How to spot a scam – this is a skill that everyone needs to know at some point in their life or another. For affiliate marketers and customers alike, it’s an especially worthy skill. With all the real-looking make money online rip-offs these days, it’s getting increasingly difficult to tell what’s real and what is not.
As someone with an “insider perspective” on scams, so to speak, I’d like to share with you some of the ways you can keep yourself from feeling cheated or ripped off when you’re looking for ways to make money online. It’s not always easy, but there are some tell-tale ways to make the task a little more manageable.
How to Spot a Scam on an Ad
Those pesky “news” ads on the sidebar of nearly every website these days are generally some of the worst offenders when it comes to throwing people off when they try to figure out which ads are scams. You see, those ads will make note of where your IP address is coming from, and they change the text in the headline to reflect the nearest town to where you’re located.
What does this do when you’re trying to find out how to spot a scam? It makes you think it’s a legitimate news ad by putting a newscaster on the picture and splashing a real news logo on the ad.
But when you Google the website that the ad is coming from, you might find that words like “Nigerian Recruitment” appear in the results. If you happen to have clicked on the ad, you might try clicking the links on the navigation bar and see where they take you. For instance, just try going to the home page of the website. If it redirects you to an affiliate program on a different website, you can pretty much guarantee that it’s a scam of sorts – or at least a shady affiliate program.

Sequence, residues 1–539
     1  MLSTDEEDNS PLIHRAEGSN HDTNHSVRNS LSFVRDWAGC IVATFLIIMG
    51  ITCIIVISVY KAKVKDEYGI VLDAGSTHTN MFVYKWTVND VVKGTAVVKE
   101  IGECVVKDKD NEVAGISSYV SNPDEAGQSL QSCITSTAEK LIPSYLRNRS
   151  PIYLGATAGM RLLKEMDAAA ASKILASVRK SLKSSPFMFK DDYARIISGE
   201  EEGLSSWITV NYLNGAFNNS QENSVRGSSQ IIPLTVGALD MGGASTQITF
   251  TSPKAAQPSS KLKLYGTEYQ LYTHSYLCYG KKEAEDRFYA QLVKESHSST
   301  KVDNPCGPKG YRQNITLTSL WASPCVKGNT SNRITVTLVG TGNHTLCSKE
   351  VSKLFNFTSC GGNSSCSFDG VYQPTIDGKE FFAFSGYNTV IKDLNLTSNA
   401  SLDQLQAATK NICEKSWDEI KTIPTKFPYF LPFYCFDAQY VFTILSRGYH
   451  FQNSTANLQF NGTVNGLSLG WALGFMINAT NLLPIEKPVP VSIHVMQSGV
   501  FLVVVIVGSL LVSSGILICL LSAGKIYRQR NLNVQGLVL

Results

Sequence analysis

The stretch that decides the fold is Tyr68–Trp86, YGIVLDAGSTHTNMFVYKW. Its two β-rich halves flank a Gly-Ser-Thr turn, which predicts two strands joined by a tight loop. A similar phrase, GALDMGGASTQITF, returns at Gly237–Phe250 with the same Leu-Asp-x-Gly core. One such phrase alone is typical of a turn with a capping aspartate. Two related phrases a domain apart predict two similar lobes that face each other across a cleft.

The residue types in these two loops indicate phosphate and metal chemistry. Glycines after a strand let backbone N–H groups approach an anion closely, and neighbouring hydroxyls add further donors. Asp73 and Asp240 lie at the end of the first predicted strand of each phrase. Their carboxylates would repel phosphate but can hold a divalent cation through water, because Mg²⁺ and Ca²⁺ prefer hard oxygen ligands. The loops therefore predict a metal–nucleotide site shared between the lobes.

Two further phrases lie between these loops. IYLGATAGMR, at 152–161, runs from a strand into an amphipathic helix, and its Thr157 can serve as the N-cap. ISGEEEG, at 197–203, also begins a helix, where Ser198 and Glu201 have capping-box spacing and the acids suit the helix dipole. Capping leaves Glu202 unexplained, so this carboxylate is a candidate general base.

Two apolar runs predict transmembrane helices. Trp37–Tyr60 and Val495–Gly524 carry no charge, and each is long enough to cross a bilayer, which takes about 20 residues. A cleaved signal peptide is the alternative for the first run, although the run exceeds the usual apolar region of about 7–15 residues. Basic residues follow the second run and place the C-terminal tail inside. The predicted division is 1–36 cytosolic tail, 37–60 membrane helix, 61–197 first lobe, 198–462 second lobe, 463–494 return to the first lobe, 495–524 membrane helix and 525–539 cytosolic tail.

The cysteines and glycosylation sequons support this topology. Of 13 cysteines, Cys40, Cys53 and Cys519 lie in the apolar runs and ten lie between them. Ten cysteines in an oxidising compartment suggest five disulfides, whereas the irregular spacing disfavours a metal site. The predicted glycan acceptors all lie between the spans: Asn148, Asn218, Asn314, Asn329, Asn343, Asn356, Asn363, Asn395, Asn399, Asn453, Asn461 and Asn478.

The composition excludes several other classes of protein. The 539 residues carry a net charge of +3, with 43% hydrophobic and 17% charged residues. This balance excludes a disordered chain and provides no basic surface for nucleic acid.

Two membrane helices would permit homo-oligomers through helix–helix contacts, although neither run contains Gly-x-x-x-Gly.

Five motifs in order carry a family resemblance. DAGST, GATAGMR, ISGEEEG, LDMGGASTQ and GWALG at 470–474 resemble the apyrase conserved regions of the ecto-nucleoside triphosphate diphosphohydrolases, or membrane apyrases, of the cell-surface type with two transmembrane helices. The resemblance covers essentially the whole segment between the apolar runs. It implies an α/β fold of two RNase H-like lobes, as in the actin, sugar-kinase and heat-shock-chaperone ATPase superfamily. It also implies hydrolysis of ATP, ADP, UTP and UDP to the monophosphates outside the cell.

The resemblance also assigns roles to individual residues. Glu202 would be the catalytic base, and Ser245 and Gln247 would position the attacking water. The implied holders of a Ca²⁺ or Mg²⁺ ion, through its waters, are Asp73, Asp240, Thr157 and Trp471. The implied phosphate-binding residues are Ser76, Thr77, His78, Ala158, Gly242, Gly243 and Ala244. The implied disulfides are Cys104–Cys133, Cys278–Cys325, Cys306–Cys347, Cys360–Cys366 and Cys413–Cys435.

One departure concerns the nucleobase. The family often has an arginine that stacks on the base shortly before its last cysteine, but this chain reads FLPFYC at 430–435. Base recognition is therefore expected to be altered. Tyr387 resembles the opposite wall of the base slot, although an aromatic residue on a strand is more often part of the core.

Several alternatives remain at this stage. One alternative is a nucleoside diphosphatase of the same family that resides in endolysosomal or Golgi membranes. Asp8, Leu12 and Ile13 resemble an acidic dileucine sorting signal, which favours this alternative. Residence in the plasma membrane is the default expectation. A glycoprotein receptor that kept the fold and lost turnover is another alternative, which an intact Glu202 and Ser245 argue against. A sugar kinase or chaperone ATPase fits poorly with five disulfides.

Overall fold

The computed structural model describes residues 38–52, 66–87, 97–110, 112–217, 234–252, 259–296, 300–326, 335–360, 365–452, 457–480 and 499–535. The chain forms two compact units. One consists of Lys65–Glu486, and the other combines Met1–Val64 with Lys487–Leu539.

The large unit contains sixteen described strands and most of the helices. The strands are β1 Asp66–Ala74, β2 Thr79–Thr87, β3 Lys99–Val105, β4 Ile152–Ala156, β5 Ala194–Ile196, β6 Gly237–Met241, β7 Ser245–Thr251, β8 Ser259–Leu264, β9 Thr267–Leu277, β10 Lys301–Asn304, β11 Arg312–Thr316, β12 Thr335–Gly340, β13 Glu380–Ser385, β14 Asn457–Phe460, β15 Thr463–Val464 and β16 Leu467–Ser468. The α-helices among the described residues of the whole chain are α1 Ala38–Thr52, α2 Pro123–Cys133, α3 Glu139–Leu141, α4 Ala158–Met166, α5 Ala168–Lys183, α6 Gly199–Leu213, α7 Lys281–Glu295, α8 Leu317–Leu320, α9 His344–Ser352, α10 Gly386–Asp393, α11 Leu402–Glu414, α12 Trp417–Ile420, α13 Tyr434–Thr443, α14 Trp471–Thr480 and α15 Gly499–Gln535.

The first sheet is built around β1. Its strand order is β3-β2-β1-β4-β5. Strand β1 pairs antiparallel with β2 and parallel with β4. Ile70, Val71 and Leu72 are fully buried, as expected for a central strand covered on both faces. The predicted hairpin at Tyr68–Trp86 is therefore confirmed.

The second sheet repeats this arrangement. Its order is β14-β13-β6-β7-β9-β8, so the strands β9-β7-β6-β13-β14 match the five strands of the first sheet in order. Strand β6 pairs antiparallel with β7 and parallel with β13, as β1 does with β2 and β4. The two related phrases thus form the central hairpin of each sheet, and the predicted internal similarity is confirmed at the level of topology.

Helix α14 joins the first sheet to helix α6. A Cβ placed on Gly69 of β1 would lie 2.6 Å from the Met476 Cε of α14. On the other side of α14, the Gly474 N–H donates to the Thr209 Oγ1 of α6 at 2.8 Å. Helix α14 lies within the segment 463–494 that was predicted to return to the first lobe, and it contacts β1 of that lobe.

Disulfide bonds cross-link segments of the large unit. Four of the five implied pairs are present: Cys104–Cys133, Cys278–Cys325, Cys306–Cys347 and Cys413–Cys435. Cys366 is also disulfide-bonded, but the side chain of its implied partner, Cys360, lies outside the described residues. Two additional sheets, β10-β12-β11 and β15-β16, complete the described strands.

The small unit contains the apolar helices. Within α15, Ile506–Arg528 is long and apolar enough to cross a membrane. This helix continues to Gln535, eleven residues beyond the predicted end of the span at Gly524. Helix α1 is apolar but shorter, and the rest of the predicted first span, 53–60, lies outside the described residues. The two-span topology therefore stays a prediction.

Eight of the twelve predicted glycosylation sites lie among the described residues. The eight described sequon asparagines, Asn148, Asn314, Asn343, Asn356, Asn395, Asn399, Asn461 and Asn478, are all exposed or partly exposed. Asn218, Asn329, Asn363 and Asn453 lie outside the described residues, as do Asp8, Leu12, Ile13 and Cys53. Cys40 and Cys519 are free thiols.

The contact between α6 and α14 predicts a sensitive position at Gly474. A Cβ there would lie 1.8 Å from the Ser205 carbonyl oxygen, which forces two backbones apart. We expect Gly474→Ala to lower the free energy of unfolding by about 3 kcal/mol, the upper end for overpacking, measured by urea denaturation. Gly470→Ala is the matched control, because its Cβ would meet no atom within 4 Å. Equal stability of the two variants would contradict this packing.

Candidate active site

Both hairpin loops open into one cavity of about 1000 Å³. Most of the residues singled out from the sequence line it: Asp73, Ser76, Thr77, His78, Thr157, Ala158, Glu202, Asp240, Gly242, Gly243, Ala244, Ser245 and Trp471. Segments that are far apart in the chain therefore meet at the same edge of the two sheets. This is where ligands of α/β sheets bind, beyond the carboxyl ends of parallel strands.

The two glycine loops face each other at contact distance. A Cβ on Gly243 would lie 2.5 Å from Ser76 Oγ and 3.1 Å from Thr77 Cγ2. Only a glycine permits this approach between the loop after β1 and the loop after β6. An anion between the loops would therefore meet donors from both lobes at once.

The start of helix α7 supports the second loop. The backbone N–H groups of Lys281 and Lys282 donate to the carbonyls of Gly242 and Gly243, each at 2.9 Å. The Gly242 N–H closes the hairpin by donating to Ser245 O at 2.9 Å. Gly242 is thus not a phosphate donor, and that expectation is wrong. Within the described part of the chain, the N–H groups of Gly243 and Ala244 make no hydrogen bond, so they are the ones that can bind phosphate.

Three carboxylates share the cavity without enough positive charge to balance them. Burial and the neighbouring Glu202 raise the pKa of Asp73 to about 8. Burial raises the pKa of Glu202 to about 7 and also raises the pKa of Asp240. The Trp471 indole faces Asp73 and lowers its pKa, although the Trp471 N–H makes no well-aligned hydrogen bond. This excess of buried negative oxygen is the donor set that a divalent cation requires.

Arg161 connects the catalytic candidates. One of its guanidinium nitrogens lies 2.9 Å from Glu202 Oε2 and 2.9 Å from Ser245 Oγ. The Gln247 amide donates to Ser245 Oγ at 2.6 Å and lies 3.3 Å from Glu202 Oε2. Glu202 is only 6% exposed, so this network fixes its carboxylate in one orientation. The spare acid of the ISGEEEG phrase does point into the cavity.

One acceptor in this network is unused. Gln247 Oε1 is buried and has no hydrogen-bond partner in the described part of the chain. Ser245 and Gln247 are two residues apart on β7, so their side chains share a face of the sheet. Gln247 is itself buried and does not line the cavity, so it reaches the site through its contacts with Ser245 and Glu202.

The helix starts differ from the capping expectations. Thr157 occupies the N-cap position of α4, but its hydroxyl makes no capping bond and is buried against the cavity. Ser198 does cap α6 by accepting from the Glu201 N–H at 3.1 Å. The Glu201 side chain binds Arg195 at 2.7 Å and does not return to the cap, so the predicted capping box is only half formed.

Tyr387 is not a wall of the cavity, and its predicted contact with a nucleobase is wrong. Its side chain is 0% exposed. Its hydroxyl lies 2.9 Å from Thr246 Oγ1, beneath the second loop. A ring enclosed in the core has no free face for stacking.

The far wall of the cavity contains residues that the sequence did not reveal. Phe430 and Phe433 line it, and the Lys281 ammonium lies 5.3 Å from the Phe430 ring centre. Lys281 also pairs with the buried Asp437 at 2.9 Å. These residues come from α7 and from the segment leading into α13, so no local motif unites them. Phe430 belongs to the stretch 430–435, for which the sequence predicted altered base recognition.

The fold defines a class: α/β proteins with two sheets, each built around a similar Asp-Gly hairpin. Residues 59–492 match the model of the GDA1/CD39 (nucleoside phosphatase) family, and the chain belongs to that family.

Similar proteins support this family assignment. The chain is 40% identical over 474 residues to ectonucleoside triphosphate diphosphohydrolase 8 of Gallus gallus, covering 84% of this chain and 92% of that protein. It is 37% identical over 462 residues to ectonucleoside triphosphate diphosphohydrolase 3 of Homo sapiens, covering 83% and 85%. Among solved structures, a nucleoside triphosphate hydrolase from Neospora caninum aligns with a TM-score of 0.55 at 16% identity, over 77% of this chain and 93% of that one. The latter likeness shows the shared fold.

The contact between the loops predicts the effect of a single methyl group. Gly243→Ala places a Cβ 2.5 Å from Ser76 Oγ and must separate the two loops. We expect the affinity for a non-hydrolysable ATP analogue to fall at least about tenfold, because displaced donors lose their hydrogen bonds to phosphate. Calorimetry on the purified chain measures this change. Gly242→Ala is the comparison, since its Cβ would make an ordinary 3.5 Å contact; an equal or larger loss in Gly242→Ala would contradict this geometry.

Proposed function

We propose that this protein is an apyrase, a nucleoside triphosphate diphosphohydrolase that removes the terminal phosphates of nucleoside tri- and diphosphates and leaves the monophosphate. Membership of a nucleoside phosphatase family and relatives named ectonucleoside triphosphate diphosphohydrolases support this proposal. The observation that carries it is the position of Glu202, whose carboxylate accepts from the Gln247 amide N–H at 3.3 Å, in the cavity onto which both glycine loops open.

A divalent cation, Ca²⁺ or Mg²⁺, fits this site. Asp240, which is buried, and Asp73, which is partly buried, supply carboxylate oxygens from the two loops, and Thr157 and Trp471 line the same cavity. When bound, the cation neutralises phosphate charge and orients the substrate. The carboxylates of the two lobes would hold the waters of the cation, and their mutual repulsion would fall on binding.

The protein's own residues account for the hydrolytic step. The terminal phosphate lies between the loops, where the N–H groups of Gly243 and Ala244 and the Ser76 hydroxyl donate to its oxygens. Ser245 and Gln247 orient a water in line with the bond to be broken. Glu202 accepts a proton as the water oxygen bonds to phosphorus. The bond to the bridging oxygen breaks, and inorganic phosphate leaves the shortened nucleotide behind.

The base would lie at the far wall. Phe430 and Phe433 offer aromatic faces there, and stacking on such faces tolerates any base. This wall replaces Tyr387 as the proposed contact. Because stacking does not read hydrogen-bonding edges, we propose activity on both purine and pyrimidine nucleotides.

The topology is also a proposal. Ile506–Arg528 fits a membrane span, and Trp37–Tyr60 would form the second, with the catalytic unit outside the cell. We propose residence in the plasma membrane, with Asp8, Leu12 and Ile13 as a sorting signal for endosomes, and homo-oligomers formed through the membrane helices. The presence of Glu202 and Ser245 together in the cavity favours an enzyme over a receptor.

How to Spot a Scam in the Text of an Article
It’s a little easier to know how to spot a scam when you’re looking in the actual text of the article. For instance, if the company is supposed to be one with a reputation (say, a subsidiary of NBC News, for example) you would expect nearly impeccable spelling and grammar. However, most ad articles contain several spelling and grammar errors, and many of them are quite glaring. A simple scan of the article is enough to tip you off that the program isn’t legitimate.
You’ll also be aware that the page is a scam if you see numerous other ads similar to the ones you clicked on. These ads will probably promise much the same thing – make $87 per hour, $12,000 to $15,000 per month – that sort of thing. And who wouldn’t want to discover such a great job opportunity? And better yet, they promise you can work from home! Does it sound too good to be true? Guess what – it typically is.
If you want to know how to spot a scam right away, look at the dollar amounts, the spelling and grammar, and the out of this world promises. If there are just too many red flags, chances are, your skills are kicking in.